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09/16/2018 Indonesia (International Christian Concern) – Growing radicalism in Indonesia has prompted the Indonesian military (TNI) to establish an anti-terror unit, yet human rights groups and observers are concerned that the expansion of the armed forces’ role could lead to a human rights abuse.

Officials said the military is planning to revive a special unit deployed three years ago to fight the Eastern Indonesia Mujahideen (MIT), a militant group tied to the so-called Islamic State (IS) in Central Sulawesi province. Currently they await the Ministry of Defense to draft a presidential decree needed for its authorization.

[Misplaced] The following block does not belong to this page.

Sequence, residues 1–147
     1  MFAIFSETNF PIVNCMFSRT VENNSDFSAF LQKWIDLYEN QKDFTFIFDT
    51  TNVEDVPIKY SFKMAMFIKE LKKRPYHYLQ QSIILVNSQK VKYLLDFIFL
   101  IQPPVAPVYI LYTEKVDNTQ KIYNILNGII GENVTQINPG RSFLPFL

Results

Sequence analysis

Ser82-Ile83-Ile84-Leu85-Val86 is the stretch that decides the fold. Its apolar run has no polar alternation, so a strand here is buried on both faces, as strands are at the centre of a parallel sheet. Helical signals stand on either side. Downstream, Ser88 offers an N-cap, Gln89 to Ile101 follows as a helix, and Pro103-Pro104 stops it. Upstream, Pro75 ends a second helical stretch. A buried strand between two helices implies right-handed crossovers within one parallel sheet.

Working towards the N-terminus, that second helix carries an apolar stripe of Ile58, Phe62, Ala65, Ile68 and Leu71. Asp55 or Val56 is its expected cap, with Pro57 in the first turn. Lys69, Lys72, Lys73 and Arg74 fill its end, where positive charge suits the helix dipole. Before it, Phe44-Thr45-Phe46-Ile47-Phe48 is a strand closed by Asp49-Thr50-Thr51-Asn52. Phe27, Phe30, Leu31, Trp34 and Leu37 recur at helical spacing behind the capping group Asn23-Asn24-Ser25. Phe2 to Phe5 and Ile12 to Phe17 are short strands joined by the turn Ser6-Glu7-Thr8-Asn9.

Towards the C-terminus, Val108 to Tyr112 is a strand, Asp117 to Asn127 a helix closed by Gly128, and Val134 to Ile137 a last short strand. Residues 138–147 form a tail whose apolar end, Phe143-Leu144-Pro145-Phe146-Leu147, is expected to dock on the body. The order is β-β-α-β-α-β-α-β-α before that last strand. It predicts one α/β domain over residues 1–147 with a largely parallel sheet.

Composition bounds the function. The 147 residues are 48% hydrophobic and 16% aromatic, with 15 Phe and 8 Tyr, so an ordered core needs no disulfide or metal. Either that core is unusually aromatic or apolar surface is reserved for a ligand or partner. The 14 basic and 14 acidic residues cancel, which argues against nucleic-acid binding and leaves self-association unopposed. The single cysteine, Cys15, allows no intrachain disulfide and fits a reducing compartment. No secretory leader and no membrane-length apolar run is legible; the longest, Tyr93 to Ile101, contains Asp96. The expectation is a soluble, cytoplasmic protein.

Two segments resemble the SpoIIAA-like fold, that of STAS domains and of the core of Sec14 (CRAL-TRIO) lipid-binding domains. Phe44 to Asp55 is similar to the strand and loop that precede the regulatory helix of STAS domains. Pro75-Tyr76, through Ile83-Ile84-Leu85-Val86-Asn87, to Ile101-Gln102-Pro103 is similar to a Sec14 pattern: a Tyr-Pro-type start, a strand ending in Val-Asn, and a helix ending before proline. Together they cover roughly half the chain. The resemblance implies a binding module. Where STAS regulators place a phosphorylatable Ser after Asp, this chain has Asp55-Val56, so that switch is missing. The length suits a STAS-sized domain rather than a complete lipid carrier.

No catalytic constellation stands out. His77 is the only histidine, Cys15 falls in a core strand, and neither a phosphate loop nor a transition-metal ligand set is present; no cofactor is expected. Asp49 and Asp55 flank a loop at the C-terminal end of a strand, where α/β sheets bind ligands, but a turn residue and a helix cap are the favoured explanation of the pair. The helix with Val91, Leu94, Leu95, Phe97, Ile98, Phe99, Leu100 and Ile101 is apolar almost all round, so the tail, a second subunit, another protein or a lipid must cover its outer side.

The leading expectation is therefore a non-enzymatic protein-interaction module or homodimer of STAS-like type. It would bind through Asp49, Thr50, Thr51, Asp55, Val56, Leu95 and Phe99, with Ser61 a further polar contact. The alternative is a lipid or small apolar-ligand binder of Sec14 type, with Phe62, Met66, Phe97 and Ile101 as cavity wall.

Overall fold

Indonesia was swept by a wave of terror attacks in May. Within one week, suicide bombers targeted churches and police stations in Surabaya and took with them dozens of lives. In response, the government took measures to amend anti-terrorism laws and sentence the leader of JAD, an IS-linked terrorist group to death.

Activists argue that terrorism is a law enforcement issue, not a military matter and should be handled by the police. “Any presidential regulation on the role of the TNI in counter-terrorism should explicitly state that any military involvement should be auxiliary to the police,” said Al Araf, the director of Impartial, a local human rights group.

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